- Number 313 |
- June 7, 2010
Sandian Cliff Ho applies engineering to many diverse challenges
Sandian Cliff Ho applies
engineering to many
Cliff Ho has made a career out of tackling great challenges at Sandia National Laboratories. A distinguished member of technical staff, Ho has worked on problems in water treatment and distribution, detection of trace explosives, nuclear waste management, microchemical sensor systems for environmental monitoring, and, currently, concentrating solar power and renewable energy technologies. It’s a résumé impressive enough to garner international attention, and Ho has done it all in just 17 years.
The Chinese Institute of Engineers–USA recently honored Ho’s achievements by naming him the 2010 Asian American Engineer of the Year. The CIE–USA annually presents the award to outstanding Asian American engineers and scientists who make significant, lasting and global contributions to the nation.
Ho joined the Labs in 1993 to develop thermal-hydrologic models for the Yucca Mountain Project, and quickly became a lead investigator for the Viability Assessment and Site Recommendation reports submitted to Congress and the president. He also led the development of comprehensive performance-assessment models of complex systems ranging from long-term covers for waste isolation to chemical transport through skin.
In 2000, Ho initiated and led a project to develop microchemical sensors to monitor environmental contaminants in wells, which led to four patents and significant commercial industry interest. Ho also worked to improve sensor systems and protocols to detect trace explosives for DOE and the Department of Homeland Security. Five years later, he led research in water treatment and distribution security, including UV disinfection and modeling to predict how contaminants would move through the water distribution network.
Ho turned his attention to solar energy in 2008 and is currently a principal investigator in a group that looks for ways to use concentrating solar power to capture and store solar energy for utility-scale electricity production. Ho develops models and analyses that can improve system efficiency and performance. For example, the force of gravity and wind can distort the shape of the mirrors, decreasing efficiency and ultimately increasing the cost of electricity. Ho models those changes to predict and understand impacts of wind and gravity, and then works with industry to design more efficient, cost-effective systems.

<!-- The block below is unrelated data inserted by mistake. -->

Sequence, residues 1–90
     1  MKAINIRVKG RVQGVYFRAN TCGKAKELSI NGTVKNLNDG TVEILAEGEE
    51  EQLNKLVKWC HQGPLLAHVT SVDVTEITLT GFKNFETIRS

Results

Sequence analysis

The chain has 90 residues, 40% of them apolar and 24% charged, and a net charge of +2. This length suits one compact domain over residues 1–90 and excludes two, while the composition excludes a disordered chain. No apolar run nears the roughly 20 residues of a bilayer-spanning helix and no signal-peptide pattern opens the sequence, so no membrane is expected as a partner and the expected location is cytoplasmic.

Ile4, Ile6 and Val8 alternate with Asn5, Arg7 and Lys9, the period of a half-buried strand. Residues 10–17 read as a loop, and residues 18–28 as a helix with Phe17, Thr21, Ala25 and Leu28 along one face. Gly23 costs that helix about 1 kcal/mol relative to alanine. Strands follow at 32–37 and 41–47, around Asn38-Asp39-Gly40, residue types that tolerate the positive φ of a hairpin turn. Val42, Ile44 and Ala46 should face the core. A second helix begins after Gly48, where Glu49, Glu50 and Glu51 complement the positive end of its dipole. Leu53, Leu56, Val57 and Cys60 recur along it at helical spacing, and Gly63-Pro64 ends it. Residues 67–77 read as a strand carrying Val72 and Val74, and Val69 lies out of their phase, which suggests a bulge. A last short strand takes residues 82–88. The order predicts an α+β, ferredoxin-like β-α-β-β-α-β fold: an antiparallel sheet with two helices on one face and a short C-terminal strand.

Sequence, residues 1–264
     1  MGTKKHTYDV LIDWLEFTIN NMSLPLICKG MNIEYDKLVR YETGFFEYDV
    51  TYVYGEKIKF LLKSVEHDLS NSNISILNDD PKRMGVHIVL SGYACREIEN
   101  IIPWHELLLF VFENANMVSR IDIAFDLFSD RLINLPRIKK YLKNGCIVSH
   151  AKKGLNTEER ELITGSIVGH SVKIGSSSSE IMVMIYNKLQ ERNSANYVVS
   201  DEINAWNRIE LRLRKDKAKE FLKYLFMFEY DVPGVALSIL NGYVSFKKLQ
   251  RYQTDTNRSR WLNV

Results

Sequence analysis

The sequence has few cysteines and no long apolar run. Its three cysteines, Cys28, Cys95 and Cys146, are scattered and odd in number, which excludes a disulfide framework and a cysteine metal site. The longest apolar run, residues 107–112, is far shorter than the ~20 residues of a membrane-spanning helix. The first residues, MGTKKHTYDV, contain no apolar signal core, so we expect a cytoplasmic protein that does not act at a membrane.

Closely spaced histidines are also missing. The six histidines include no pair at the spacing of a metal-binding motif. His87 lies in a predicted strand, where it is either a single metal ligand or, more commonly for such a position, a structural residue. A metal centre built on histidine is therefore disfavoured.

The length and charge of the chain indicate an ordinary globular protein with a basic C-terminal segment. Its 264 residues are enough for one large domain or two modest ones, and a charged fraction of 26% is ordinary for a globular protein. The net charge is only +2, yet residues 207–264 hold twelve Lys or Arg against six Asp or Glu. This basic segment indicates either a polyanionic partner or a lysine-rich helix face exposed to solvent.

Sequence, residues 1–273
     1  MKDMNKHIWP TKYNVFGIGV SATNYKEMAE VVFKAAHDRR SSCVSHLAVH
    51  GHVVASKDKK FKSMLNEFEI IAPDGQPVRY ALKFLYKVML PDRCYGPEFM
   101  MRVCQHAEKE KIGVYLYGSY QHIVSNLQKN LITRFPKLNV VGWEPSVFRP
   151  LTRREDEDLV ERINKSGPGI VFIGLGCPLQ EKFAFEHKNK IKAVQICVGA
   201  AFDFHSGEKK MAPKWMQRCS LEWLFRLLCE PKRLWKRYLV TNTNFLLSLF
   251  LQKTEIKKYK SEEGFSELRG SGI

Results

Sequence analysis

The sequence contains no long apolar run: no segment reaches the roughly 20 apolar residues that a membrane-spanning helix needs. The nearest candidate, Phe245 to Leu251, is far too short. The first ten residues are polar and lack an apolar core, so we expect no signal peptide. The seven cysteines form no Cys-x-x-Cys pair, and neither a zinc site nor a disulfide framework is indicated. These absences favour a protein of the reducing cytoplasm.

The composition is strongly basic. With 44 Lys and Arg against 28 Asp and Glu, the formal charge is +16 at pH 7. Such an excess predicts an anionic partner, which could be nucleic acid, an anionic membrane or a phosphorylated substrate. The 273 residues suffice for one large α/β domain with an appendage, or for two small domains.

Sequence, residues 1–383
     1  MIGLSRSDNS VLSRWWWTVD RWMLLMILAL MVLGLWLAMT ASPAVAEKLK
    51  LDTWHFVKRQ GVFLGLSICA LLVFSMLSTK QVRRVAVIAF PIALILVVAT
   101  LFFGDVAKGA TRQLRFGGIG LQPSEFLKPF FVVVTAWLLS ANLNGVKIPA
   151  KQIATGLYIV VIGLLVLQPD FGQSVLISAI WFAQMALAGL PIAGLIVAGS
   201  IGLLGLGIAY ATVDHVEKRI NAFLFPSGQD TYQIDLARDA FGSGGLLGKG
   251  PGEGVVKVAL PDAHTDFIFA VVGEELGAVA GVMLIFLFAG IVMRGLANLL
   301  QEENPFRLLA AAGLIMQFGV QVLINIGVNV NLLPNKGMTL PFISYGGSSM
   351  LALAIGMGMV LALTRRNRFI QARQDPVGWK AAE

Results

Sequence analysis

Ho is also pioneering the use of probabilistic models to more reliably predict the performance and cost of concentrating solar power systems. Probabilistic models have the advantage of being able to quantify the impact of uncertainties on simulated performance metrics such as energy production and cost.
“The objective is to honor the inherent uncertainty in these complex systems,” Ho says. “We can then provide companies with more confidence and reliability in their models by quantifying the likelihood of achieving specific cost and performance metrics. Sensitivity analyses using these probabilistic models can also be used to prioritize R&D activities on system parameters that have the most impact on these metrics.”
His love of math, science and engineering started at a young age, and his father encouraged him to pursue mechanical engineering. “My dad thought it was the broadest of the engineering fields,” Ho says. “I think it continues to appeal to me because of the diversity of projects I have been able to engage in, from waste management to microchemical sensors to water treatment to solar power. I guess my dad was right.”
Ho’s parents moved from China to the U.S. in the 1950s, and Ho was born and raised in Wisconsin. He attended the University of Wisconsin-Madison, where he earned his bachelor’s degree in mechanical engineering. He earned his master’s and doctorate degrees in mechanical engineering from the University of California-Berkeley.
In his free time, Ho enjoys tennis, skiing, biking, golfing and swimming, and he hopes to someday compete in an Ironman Triathlon. He regularly volunteers with Habitat for Humanity and Sandia’s Technology Outreach programs, encouraging students to pursue math and science, and to eventually see what Sandia has to offer.
“Receiving this award is a great honor, and I am so pleased to represent Sandia,” Ho says. “I think one of the best things about working here is the diversity and the opportunities that Sandia provides for its engineers. The ability to work on many different yet nationally important programs within the same company is rare and I genuinely appreciate that. It’s been wonderful.”
Submitted by DOE's Sandia National Laboratories